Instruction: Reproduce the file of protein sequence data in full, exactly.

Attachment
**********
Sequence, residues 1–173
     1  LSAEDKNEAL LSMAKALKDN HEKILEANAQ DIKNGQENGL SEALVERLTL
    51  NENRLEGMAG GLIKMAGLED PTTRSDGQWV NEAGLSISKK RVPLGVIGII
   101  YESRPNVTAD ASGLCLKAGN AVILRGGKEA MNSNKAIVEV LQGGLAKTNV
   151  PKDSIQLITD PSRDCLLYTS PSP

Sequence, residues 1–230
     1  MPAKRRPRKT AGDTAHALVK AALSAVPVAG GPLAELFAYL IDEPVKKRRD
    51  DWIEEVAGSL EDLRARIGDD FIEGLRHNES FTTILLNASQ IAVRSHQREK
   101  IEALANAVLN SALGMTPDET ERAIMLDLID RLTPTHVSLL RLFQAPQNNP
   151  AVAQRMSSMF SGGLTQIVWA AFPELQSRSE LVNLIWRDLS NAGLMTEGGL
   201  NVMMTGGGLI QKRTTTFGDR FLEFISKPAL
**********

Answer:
Sequence, residues 1–173
     1  LSAEDKNEAL LSMAKALKDN HEKILEANAQ DIKNGQENGL SEALVERLTL
    51  NENRLEGMAG GLIKMAGLED PTTRSDGQWV NEAGLSISKK RVPLGVIGII
   101  YESRPNVTAD ASGLCLKAGN AVILRGGKEA MNSNKAIVEV LQGGLAKTNV
   151  PKDSIQLITD PSRDCLLYTS PSP

Sequence, residues 1–230
     1  MPAKRRPRKT AGDTAHALVK AALSAVPVAG GPLAELFAYL IDEPVKKRRD
    51  DWIEEVAGSL EDLRARIGDD FIEGLRHNES FTTILLNASQ IAVRSHQREK
   101  IEALANAVLN SALGMTPDET ERAIMLDLID RLTPTHVSLL RLFQAPQNNP
   151  AVAQRMSSMF SGGLTQIVWA AFPELQSRSE LVNLIWRDLS NAGLMTEGGL
   201  NVMMTGGGLI QKRTTTFGDR FLEFISKPAL